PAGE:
Goff LM, Cowland DE, Hooper L, Frost GS. Low glycaemic index diets and blood lipids: a systematic review and meta-analysis of randomised controlled trials. Nutr Metab Cardiovasc Dis. 2013;23(1):1–10. https://doi.org/10.1016/j.numecd.2012.06.002.
Philippou E, Bovill-Taylor C, Rajkumar C, Vampa ML, Ntatsaki E, Brynes AE, Hickson M, Frost GS. Preliminary report: the effect of a 6-month dietary glycemic index manipulation in addition to healthy eating advice and weight loss on arterial compliance and 24-hour ambulatory blood pressure in men: a pilot study. Metabolism. 2009;58(12):1703–8. https://doi.org/10.1016/j.metabol.2009.05.026.
Evans CEL, Greenwood DC, Threapleton DE, Gale CP, Cleghorn CL, Burley VJ. Glycemic index, glycemic load, and blood pressure: a systematic review and meta-analysis of randomized controlled trials. Am J Clin Nutr. 2017;105(5):1176–90. https://doi.org/10.3945/ajcn.116.143685.
Lobos DR, Vicuña IA, Novik V, Vega CA. Effect of high and low glycemic index breakfast on postprandial metabolic parameters and satiety in subjects with type 2 diabetes mellitus under intensive insulin therapy: controlled clinical trial. Clin Nutr ESPEN. 2017;20:12–6. https://doi.org/10.1016/j.clnesp.2017.04.082.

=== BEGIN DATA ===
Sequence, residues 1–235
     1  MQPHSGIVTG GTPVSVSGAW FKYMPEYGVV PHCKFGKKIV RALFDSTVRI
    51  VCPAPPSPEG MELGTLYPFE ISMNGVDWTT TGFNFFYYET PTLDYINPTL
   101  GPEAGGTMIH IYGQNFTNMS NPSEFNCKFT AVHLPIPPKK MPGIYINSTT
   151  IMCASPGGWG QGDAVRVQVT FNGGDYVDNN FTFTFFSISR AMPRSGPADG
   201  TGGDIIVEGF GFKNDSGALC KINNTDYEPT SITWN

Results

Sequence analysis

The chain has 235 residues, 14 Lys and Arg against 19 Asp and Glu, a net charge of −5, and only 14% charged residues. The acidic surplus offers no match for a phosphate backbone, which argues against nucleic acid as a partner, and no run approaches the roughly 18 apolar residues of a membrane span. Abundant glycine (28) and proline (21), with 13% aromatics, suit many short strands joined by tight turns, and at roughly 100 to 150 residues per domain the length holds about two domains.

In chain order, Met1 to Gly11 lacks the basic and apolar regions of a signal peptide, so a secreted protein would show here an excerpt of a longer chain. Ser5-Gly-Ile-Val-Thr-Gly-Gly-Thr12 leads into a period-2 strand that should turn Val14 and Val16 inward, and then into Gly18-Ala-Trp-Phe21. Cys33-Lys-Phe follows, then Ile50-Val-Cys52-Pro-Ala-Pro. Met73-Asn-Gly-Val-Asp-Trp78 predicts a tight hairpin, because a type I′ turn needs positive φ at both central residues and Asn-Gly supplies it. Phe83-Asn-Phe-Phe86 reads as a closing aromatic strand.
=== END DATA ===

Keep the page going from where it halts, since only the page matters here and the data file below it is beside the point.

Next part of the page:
Sierra M, Garciía JJ, Fernaández N, Diez MJ, Calle AP, Álvarez JC, et al. Therapeutic effects of psyllium in type 2 diabetic patients. Eur J Clin Nutr. 2002;56(9):830–42. https://doi.org/10.1038/sj.ejcn.1601398.
Hanai H, Ikuma M, Sato Y, Iida T, Hosoda Y, Matsushita I, Nogaki A, Yamada M, Kaneko E. Long-term effects of water-soluble corn bran hemicellulose on glucose tolerance in obese and non-obese patients: improved insulin sensitivity and glucose metabolism in obese subjects. Biosci Biotechnol Biochem. 1997;61(8):1358–61. https://doi.org/10.1271/bbb.61.1358.
Pereira MA, Jacobs DR, Pins JJ, Raatz SK, Gross MD, Slavin JL, et al. Effect of whole grains on insulin sensitivity in overweight hyperinsulinemic adults. Am J Clin Nutr. 2002;75(5):848–55. https://doi.org/10.1093/ajcn/75.5.848.
Anderson JW, Davidson MH, Blonde L, Brown WV, Howard WJ, Ginsberg H, Allgood LD, Weingand KW. Long-term cholesterol-lowering effects of psyllium as an adjunct to diet therapy in the treatment of hypercholesterolemia. Am J Clin Nutr. 2000;71(6):1433–8. https://doi.org/10.1093/ajcn/71.6.1433.